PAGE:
Monday, September 4, 2017

Star Citizen's $400 Flying Monocle

Yesterday I read an article on MassivelyOP about the newest ship Star Citizen developer CGI offered in a post-GamesCon concept sale, the Origin 600i. The sale, which ends today, offered two variants, the Origin 600i Touring version for $375 and the Exploration variant for $400. CGI published a Q&A page and the same question and answer stood out to me that the MassivelyOP writer highlighted:
Q. The 600i is a supremely expensive ship for its size and role, especially against the larger Carrack and cheaper Constellation. Why is this? What benefits are worth the increased expense?

A. We are building a universe, and part of that means we can consider aspects that a standard game does not, such as value and desirability. When we look at vehicles in the real world, its apparent that more functionality does not always mean something is more expensive, and vice versa. In the Star Citizen universe, a sleek, luxury ship created by Origin will bring certain connotations with it, in the same way most people would find a sports coupé more desirable than a family sedan, despite the fact it has less seats and cup-holders.
The overall backer reaction is less than pleased, especially since a lot of players purchased the ship before the CGI published the Q&A. The following response from a poster named Captain Miller seems typical:
"I love how they use the 'buying a sports car vs buying a family sedan' when in fact if the family sedan handled supremely better, was just as fast, had more cup holders, leg room, and every unnamed feature imaginable, then no one would buy the sports car.

"What makes it a sports car is that it handles better and is in another class in terms of speed. This isnt the case, so they are essentially saying you are paying $400 for looks, and nothing else. It will be worse in every other way. Sad..."
My first thought after reading the article was, "Monocle!" The answer reminded me so much of CCP Zulu's defense of the pricing structure of the NeX store when it launched in June 2011:
"People have been shocked by the price range in the NeX store, but you should remember that we are talking about clothes. Look at the clothes you are currently wearing in real life. Do you have any specific brands? Did you choose it because it was better quality than a no-name brand? Assume for a short while that you are wearing a pair of $1,000 jeans from some exclusive Japanese boutique shop. Why would you want to wear a pair of $1,000 jeans when you can get perfectly similar jeans for under $50? What do other people think about you when they see you wearing them? For some you will look like the sad culmination of vainness while others will admire you and think you are the coolest thing since sliced bread. Whichever it is, it is clear that by wearing clothes you are expressing yourself and that the price is one of the many dimensions that clothes possess to do that in addition to style and fit. You don't need to buy expensive clothes. In fact you don't need to buy any clothes. Whatever you choose to do reflects what you are and what you want others to think you are."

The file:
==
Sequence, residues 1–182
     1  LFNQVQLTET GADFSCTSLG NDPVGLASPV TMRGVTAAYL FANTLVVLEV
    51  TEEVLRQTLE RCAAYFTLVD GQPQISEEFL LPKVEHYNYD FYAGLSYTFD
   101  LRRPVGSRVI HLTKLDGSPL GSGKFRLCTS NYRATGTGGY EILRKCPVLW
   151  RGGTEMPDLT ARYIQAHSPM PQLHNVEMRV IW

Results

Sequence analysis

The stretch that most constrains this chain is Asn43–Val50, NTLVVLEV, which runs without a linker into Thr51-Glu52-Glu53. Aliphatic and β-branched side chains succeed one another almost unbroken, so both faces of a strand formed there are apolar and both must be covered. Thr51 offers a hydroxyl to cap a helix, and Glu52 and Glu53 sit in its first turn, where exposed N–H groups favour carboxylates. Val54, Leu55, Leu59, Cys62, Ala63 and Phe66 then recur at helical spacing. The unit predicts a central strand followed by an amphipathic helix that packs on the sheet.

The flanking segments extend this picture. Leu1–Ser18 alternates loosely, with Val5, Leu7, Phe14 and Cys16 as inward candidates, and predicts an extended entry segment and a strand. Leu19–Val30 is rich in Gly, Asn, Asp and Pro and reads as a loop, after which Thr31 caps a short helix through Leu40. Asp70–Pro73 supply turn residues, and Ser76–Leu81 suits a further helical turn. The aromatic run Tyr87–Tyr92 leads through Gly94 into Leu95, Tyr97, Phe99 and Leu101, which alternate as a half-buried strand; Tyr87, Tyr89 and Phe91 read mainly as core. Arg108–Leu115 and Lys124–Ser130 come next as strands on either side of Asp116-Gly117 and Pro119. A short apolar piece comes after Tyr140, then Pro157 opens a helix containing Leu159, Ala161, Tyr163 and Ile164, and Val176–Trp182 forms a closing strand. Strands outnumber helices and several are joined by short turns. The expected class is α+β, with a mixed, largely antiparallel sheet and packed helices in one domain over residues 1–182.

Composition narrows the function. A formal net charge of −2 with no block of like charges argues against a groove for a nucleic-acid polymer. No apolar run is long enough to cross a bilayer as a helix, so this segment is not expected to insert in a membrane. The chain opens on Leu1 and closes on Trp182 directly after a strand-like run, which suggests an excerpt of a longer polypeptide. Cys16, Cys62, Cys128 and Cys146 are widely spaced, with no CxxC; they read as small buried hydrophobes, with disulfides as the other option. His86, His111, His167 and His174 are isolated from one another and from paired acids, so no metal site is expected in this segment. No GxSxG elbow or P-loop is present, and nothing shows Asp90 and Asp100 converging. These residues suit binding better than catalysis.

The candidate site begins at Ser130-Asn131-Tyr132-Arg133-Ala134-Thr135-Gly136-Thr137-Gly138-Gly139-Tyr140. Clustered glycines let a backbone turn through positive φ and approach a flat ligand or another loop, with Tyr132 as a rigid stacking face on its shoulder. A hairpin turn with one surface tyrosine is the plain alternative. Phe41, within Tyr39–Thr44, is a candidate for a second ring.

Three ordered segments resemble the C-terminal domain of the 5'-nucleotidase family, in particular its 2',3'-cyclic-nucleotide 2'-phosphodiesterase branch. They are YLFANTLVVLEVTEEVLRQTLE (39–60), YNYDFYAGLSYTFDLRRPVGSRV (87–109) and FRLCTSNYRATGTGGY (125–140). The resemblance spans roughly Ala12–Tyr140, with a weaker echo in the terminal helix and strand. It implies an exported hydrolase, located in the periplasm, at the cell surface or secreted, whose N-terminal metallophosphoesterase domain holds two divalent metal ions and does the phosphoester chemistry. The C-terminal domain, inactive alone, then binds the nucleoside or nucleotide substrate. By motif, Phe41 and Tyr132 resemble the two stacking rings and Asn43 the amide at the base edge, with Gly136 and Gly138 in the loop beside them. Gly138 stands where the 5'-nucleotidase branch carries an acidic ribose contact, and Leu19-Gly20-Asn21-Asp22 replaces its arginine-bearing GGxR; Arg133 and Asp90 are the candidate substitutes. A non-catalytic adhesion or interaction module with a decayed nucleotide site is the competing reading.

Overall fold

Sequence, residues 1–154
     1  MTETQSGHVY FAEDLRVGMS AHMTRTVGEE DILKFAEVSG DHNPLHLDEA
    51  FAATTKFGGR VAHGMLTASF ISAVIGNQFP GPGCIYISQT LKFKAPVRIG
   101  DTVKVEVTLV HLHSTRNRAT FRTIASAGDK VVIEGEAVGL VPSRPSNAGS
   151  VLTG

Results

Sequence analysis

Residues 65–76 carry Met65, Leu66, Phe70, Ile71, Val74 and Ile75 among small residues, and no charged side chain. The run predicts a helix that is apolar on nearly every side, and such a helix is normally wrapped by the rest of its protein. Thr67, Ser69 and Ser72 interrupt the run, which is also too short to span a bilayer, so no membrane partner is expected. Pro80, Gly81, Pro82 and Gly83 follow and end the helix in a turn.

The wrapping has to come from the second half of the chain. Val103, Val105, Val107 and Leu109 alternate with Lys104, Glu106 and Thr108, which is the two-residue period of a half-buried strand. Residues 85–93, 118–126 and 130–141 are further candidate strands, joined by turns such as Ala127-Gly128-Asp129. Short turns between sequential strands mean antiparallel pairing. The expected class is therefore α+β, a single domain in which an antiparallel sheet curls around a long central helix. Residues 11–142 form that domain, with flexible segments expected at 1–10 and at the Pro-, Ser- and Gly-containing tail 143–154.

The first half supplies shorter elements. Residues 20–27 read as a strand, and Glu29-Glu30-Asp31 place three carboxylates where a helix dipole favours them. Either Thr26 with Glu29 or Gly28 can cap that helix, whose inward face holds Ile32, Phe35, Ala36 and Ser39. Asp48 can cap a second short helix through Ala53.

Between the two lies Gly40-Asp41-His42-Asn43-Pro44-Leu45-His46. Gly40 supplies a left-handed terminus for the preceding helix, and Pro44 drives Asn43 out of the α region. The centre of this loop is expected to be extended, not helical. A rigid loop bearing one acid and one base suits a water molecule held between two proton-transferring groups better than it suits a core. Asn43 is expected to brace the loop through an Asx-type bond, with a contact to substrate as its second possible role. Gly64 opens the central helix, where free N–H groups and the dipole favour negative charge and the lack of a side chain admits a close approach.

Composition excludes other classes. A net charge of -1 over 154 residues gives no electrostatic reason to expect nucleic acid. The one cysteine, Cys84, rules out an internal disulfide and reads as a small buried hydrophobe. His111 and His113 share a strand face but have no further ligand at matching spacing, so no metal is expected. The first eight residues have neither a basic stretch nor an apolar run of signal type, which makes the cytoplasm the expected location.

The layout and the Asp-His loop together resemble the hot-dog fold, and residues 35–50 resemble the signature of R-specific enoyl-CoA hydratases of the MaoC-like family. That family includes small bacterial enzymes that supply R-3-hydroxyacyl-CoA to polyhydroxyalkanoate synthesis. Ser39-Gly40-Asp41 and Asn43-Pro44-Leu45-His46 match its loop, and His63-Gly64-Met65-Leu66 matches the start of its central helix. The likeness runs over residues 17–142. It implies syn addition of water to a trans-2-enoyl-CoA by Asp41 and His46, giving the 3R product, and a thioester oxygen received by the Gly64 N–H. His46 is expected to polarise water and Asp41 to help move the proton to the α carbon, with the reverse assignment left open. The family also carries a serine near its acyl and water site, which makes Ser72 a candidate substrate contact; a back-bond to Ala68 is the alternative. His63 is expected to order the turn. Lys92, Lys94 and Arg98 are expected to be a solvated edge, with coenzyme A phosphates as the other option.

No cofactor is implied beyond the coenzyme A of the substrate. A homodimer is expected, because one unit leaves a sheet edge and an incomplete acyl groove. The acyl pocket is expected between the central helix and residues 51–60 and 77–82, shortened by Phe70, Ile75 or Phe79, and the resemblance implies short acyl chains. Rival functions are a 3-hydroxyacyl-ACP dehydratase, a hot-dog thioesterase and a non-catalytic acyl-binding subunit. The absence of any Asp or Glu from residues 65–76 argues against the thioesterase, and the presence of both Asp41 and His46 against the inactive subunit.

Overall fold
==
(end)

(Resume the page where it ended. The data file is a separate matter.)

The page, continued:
I think Matterall summed up the situation best in his recent retrospective on the Summer of Rage:
"Following Zulu's remarks related to Fearless, he moved on to the issue of pricing in the NeX store. Considering the NeX was limited to clothing for the new full-bodied avatars roaming the Captain’s Quarters, Zulu referenced clothing in real life. Namely, the difference between $1,000 jeans from a Japanese boutique compared to similar jeans for under $50. The point was that tastes and willingness to pay to express yourself differed from person to person. However, the selection of items was very limited and players were outraged over some 'deluxe' items such as a monocle valued at upwards of $70 worth of Aurum. That high-priced monocle is also why the outcry over the NeX store was known as 'Monoclegate.' However, what many players heard was a CCP Dev saying that some consumers' willingness to purchase $1,000 jeans was the justification for overpriced merchandise in a virtual store."
Now, do I expect Star Citizen backers who have spent hundreds, if not thousands of dollars, on Star Citizen, to abandon the game now? No. So in that aspect, the situation is not the same. But I do find amusement from some people's willingness to spend $400 just to look good instead of spending the money on performance. I guess Star Citizen really is a sandbox after all.

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